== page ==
Letter from William Henry Seward to Lazette Miller Worden, January 16, 1831

  • Posted on: 10 July 2017
  • By: admin
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Letter from William Henry Seward to Lazette Miller Worden, January 16, 1831
x

transcriber

Transcriber:spp:lmd

student editor

Transcriber:spp:msr

Distributor:Seward Family Digital Archive

Institution:University of Rochester

Repository:Rare Books and Special Collections

Date:1831-01-16

In the context of this project, private URIs with the prefix "psn" point to person elements in the project's persons.xml authority file. In the context of this project, private URIs with the prefix "pla" point to place elements in the project's places.xml authority file. In the context of this project, private URIs with the prefix "psn" point to person elements in the project's staff.xml authority file. In the context of this project, private URIs with the prefix "psn" point to person elements in the project's bibl.xml authority file. verical-align: super; font-size: 12px; text-decoration: underline; text-decoration: line-through; color: red;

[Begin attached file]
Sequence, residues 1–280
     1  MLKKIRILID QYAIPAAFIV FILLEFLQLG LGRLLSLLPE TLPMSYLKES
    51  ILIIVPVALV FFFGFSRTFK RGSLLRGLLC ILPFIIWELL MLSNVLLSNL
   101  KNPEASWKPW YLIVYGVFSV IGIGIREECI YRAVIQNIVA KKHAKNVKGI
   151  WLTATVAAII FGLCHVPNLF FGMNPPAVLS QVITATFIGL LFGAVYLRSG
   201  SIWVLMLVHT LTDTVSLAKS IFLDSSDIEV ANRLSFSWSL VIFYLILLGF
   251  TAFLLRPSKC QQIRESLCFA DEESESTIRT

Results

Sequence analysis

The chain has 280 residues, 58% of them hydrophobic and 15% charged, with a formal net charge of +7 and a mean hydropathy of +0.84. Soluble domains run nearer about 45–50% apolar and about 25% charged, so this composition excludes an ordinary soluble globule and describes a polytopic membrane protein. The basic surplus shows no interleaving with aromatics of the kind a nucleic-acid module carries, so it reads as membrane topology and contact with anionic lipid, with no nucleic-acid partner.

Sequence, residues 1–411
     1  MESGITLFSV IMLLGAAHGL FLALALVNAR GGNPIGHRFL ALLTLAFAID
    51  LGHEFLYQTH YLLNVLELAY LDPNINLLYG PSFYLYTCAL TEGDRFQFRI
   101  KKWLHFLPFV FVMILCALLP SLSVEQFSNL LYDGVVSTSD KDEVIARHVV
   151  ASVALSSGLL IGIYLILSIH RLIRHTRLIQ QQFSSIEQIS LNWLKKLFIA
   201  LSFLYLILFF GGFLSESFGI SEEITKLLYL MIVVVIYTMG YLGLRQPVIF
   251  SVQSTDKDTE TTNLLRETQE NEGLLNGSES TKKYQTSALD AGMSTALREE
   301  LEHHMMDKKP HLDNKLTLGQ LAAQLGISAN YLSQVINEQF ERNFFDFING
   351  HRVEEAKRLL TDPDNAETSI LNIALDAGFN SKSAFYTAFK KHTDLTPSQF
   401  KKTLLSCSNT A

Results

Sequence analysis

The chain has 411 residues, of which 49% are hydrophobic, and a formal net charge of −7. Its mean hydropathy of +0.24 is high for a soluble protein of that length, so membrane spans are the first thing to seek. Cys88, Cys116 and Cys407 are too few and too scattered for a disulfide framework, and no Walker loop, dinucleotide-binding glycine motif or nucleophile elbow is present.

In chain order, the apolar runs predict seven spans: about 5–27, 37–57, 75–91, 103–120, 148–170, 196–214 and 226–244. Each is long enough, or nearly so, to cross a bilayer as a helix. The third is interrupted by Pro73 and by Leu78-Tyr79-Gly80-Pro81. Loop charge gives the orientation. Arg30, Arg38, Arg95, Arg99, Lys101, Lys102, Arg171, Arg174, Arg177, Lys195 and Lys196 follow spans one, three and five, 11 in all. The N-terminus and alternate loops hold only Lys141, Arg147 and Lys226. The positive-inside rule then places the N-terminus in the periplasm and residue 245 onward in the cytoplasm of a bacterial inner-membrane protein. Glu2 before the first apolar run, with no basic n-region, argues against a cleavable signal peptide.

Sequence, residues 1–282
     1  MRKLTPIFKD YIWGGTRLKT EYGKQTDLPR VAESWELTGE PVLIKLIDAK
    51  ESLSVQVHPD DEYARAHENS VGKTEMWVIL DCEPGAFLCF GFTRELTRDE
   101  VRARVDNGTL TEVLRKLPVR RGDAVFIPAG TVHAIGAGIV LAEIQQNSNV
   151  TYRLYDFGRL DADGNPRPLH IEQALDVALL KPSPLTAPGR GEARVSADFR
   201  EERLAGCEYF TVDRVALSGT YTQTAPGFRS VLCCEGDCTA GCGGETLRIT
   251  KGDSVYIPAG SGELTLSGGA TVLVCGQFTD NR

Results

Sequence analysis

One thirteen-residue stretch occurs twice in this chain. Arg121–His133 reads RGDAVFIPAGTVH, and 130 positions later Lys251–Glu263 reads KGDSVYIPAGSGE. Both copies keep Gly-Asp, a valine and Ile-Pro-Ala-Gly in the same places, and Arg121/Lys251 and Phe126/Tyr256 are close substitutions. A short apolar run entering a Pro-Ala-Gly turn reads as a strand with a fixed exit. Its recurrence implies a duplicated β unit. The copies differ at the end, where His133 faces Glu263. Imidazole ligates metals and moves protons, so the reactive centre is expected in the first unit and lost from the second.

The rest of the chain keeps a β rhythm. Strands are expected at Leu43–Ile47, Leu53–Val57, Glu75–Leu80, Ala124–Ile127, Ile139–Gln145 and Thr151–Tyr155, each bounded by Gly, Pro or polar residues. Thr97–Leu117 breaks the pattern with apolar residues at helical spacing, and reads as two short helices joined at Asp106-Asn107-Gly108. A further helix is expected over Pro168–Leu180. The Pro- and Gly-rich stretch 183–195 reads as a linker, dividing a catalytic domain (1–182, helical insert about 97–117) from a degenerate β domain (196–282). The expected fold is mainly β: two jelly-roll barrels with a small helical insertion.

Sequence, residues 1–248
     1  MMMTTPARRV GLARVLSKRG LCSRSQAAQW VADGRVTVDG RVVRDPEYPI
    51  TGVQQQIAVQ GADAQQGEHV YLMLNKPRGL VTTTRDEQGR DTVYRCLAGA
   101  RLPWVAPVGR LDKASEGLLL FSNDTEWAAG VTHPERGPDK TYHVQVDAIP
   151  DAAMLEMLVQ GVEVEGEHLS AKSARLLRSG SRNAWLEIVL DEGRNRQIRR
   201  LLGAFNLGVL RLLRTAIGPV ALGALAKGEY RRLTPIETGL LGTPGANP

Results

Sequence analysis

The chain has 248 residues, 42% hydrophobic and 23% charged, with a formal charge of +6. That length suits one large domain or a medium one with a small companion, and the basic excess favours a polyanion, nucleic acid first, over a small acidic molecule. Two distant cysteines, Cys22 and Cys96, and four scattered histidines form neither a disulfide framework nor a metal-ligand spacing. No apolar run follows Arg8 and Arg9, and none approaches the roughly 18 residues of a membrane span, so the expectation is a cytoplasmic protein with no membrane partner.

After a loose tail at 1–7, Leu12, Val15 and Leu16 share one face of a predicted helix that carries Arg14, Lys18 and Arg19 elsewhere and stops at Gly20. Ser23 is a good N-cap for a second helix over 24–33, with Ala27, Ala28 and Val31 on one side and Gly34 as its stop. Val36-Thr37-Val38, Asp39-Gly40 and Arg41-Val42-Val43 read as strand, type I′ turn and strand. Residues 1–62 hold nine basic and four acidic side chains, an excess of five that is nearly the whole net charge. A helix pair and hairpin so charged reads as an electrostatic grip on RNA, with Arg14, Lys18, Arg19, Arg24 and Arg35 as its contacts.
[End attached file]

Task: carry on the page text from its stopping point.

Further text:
Letter from William Henry Seward to Lazette Miller Worden, January 16, 1831

action: sent

sender: William Seward
Birth: 1801-05-16  Death: 1872-10-10

location: Albany, NY

receiver: Lazette Worden
Birth: 1803-11-01  Death: 1875-10-03

location: Unknown
Unknown

transcription: lmd 

revision: tap 2017-02-02

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Page 1

29.
Albany Jan’y 16th 1831.
Dear L.
I will confess that my ambitious
hopes and desires sometimes, my feelings
of attachment to others, sometimes, my
feelings of indignation against wrong
sometimes have made me truant to the
kindly affections of domestic life yet I
must be allowed to say that all the
real happiness I ever do enjoy results
from the indulgence of those same affections
and at times when I yeild myself to
their influence all my friends their
fortunes their loves seem present to me
not one of those who love me has been
this dull and stormy Sunday absent from
my memory, not one is there of whom I
have not imagined to myself their ^condition^ their
comforts, privations joys and griefs. God grant
that I may never lose their affections,